Cause & intent: How Hader addition raises intriguing implications about Astros big picture


When the Houston Astros announced the signing of Josh Hader, several questions came to mind from fans and media. Does this signing have any impact on contract extensions for Jose Altuve, Alex Bregman, and Kyle Tucker?

Will Hader or Ryan Pressly pitch the ninth inning? And was this contract in direct response to Kendall Graveman having shoulder surgery and being ruled out for the remainder of the season?

Only time will tell with the first question. Those deals will likely be handled on a case by case basis. Hader answered the second question (kind of) at his introductory press conference. He basically said it's all about winning, and he and Pressly are focused on that, not which role they will play in the eight and ninth innings.

As for the third question, only the Astros know for sure, but we feel pretty confident about the answer based on the timeline. The Astros announced the Graveman news on Tuesday, January 16th.

At Hader's presser, it was revealed that the Astros contacted Hader's agent on Tuesday, January 16th, and the deal was agreed upon within 72 hours.

It seems pretty obvious to us that the Astros would have been happy to stay under the luxury tax with Graveman, Abreu, and Pressly handling the leverage innings out of the bullpen.

We believe Rafael Montero's struggles are the reason Graveman was traded for in the first place. You could actually make the argument that the Astros have paid for the Montero deal four times. First, Montero's $34.5 million contract he signed last offseason while the team had no general manager. Second, by trading away a top prospect in Korey Lee to get Graveman. Third, paying Graveman's salary, which includes $8 million for this season in which he won't pitch. And finally fourth, the $95 million deal they had to give Hader to shore up the 'pen.

To be fair, a few days before the Graveman announcement, we did see reports about the Astros having interest in bringing back Hector Neris. But then again, the Astros probably knew Graveman's fate a few days before announcing it publicly.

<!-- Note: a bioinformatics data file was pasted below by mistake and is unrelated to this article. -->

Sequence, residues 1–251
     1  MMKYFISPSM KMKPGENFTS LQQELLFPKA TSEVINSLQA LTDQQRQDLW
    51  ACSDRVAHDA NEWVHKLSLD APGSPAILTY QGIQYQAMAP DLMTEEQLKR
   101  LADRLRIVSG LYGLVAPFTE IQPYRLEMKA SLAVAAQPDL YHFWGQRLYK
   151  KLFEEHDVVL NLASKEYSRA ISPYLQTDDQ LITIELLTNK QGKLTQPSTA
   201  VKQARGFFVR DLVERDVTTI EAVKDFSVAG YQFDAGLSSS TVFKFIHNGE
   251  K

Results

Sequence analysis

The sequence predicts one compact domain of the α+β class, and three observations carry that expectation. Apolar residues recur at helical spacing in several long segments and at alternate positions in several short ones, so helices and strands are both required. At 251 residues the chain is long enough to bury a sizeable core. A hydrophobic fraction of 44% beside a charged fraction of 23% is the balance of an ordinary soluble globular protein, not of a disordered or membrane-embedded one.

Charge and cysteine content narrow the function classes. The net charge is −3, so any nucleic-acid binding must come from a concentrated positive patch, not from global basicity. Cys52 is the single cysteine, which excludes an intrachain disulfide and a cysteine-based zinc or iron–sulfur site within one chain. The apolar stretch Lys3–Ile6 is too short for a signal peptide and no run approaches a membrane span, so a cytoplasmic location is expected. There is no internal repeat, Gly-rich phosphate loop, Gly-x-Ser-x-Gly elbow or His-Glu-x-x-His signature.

It seems reasonable to think they kicked the tires on Neris after knowing Graveman was likely done for the year. Then realized if they were going to have to pay $50 million for the 35-year-old Neris, why not go all in and pursue the 29-year-old Hader?

If you're going to have to go over the tax threshold anyway, might as well grab arguably the best closer in baseball.

Plus, we've seen the backend of the bullpen stacked like this once before. It was 2003 with Billy Wagner, Octavio Dotel, and Brad Lidge. Which begs the question, which backend of the bullpen is better? The current iteration or the one from 2003?

Be sure to watch the video above as we take a deep dive into the stats and reveal which 7,8,9 combination is the best in Astros history.

Below are some career stats we considered when making our arguments. Courtesy of

Wagner 2.31 ERA, 27.7 WAR, 7 All-Star appearances, 2.73 FIP, 0.998 WHIP, 11.9 SO9, 422 saves, 16 year career.

Postseason 11.2 innings, 10.03 ERA. Zero championships.

Hader 2.50 ERA, 11.7 WAR, 5 All-Star appearances, 2.73 FIP, 0.944 WHIP, 15 SO9, 165 saves, 7 year career.

Postseason 19.2 innings, 1.37 ERA. Zero championships.

Lidge 3.54 ERA, 7.9 WAR, 2 All-Star appearances, 3.27 FIP, 1.29 WHIP, 11.9 SO9, 225 saves, 11 year career.

Postseason 45.1 innings, 2.18 ERA. 1 championship.

Pressly 3.25 ERA, 9.7 WAR, 2 All-Star appearances, 3.17 FIP, 1.144 WHIP, 9.6 SO9, 108 saves, 11 year career.